By Bill R. Shelton, CEcD
Tax increment Financing (TIF) has become a viable and forceful tool in many community economic development programs. TIFs originated in California in the early 1950s to combat what was then called urban blight. In subsequent decades every state except Arizona has adapted and used TIFs in one form or another.
According to the Urban Land Institute (Urbanland Magazine, June 9, 2014): “Today, depending on the state, TIF supports everything from expanding housing to attracting manufacturers to industrial zones, including provisions for job training in some states. In most states, TIF must be used for public purposes, such as infrastructure; other states allow, and even encourage, TIF in supporting private development costs, such as those for rehabilitating existing buildings or subsidizing interest on loans for new construction.”
Why do local governments use TIF?
TIFs are governed by state laws but implemented by municipal governments. However, they also may be implemented by county governments or economic development authorities. Today TIF helps local governments achieve a variety of economic development goals and has become recognized as a flexible, all-purpose financial tool.
Unlike many other financial tools, TIFs do not require a tax rate increase, new taxes, fees or assessments. Rather TIFs use existing taxes at existing rates.
TIFs fit easily into established economic development programs because they are market-oriented and aimed at inducing or retaining investment by the private sector.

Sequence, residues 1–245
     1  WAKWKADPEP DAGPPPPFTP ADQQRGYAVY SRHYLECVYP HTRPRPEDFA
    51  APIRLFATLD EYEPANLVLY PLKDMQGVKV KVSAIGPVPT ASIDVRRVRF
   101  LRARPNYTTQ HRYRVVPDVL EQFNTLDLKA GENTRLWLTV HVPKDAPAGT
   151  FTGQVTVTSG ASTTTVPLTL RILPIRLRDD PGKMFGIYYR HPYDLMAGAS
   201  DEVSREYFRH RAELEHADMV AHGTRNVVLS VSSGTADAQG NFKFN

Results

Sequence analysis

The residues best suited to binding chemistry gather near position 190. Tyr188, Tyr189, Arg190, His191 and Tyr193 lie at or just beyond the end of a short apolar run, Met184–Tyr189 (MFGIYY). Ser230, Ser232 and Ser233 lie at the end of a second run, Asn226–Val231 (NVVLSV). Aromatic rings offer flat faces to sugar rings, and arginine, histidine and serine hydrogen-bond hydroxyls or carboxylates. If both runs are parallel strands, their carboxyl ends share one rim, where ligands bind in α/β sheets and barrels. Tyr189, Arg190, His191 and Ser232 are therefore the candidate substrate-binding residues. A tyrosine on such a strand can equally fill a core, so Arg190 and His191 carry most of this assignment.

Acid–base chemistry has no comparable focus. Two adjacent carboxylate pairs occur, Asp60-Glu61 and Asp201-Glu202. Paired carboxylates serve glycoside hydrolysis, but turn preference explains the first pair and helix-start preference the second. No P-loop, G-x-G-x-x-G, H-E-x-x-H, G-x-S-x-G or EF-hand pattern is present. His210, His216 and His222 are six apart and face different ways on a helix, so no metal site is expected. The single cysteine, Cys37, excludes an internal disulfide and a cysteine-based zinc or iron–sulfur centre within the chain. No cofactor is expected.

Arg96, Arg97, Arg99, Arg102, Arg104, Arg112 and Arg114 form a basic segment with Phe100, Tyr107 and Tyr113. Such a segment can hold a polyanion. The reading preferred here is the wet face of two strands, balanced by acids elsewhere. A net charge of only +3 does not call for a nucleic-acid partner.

TIFs are versatile and can be adapted to many uses. They can be created in central business districts, a few square blocks, manufacturing zones, small towns, suburbs, or decommissioned military bases.
“By capturing future incremental revenues, the local government is able to undertake economic development activities or provide subsidies that otherwise might not be possible.” (Government Financial Officers Association, Elected Officials Guide to Tax Increment Financing)
How are TIF generated funds used?
Since their inception, TIFs have evolved from being used for renewal or redevelopment of what was considered depressed areas to being a more generally public investment and infrastructure financing tool.
TIFs support public infrastructure, land acquisition, site clearance, environmental remediation and other programs that generally reduce developers’ upfront capital costs.
Marion, Indiana, a city of 31,000, is located between Indiana’s two largest cities – Indianapolis and Fort Wayne. Using three TIFs to assemble, clear land plus put in needed infrastructure including access, Marion was able to attract three retail and multi-use developers by making the market-ready sites available.
Although state laws differ, TIF-generated funds can generally be used for these purposes:
Installation, upgrade or repair of public infrastructure
- Streets and sidewalks
- Water lines
- Sanitary sewer lines
- Electrical lines
- Street lights
- Fire protection lines and hydrants
- Parking lots and garages
- Site grading and earth works
Paying for the following services
- Engineering fees
- Environmental remediation
- Construction period interest
- Cost of issuance
There is no notational directory of TIF districts but both the number of districts and the uses of TIF-generated funds have proliferated and today TIFs are a crucial component in most community economic development programs. They play a vital role in the funding and operations of public-private partnership development projects.